There's also the recent Wanted: Cheap Metadata: "What about new incentives for adding judgment-call metadata? Stephen Cayzer's work at HP Labs (see his XML Europe paper), which demonstrates how better user interfaces can make the entry of metadata less trouble for the user, will hopefully inspire others to think more about acquiring good metadata and postpone some of their ideas about what to do with that metadata."


Begin the Intro Tour or Advanced Tour.

Jon Udell posts a Flash demo too.

This joins other Wiki technologies like SnipSnap and XWiki.

Web of the Future

Tomorrow's Semantic Web: Understanding What We Mean "We're moving to a web where I know what was meant instead of I know what was input, where the web can understand the meaning of the terms on the page instead of just the text size and color that it should present those words in. It knows a little bit about the user background. We're facilitating interoperability so you don't have to have all these stand-alone applications that don't understand each other. The web is moving to be programmable by normal people instead of just geeks like me."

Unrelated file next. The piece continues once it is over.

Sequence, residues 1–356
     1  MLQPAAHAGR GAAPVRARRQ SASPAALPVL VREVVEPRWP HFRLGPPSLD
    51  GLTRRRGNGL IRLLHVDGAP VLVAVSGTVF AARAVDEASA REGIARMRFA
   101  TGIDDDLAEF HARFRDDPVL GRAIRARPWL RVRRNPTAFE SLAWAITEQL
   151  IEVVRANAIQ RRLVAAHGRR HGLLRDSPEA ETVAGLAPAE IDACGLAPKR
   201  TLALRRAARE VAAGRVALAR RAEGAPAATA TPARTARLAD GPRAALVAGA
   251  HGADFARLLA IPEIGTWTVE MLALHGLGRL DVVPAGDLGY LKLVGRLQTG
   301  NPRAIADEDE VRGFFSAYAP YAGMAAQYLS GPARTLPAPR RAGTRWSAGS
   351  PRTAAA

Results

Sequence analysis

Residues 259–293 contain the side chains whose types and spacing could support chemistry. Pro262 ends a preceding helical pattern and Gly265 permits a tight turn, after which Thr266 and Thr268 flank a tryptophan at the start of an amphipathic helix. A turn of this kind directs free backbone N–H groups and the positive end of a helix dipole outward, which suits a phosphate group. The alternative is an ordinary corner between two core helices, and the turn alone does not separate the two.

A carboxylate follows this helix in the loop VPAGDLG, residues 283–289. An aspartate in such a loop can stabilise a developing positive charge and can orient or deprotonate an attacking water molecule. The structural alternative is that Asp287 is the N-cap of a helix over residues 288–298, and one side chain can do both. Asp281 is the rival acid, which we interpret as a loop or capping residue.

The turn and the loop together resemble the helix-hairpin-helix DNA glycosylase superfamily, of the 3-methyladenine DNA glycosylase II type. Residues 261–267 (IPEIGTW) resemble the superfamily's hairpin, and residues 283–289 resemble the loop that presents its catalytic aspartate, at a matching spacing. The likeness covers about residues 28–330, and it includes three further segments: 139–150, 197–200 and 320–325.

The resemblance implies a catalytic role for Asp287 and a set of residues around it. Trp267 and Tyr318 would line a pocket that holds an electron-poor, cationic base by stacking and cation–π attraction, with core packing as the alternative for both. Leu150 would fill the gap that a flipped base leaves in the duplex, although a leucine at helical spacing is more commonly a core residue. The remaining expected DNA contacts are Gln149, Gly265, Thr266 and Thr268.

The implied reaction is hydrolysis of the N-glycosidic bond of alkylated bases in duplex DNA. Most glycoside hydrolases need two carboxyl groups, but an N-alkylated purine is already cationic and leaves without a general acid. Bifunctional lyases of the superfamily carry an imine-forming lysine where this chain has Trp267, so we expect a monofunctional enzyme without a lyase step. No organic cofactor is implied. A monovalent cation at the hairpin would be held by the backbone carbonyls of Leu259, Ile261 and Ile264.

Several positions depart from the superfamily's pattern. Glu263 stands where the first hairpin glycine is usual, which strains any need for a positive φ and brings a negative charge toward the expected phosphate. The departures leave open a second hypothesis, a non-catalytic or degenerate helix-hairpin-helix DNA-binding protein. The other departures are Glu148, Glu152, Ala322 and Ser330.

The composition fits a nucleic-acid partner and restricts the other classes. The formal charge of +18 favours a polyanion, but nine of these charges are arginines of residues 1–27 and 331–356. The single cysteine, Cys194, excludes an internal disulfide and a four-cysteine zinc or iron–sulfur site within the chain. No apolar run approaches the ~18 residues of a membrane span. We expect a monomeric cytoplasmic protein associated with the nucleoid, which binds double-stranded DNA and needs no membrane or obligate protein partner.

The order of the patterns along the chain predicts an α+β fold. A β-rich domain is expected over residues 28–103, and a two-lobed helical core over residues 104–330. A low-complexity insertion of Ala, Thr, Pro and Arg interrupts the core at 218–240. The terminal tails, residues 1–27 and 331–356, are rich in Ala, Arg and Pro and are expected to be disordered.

"Analyses from Gartner and Forrester say that expectation citing is critical for applications. And one of the ways you can do that is exposing the top levels of your hierarchy about what your site covers. You also see things like umbrella upper-level structures; I gave an example of the UNSPSC, which provides the top five layers for business-to-business ontologies. They don't really expect to have enough information for any one application in the business space to function, but they say if you're going to do B2B applications, come use our top levels of integration terms so that if you're using a certain kind of widget, we know where that fits in our hierarchy."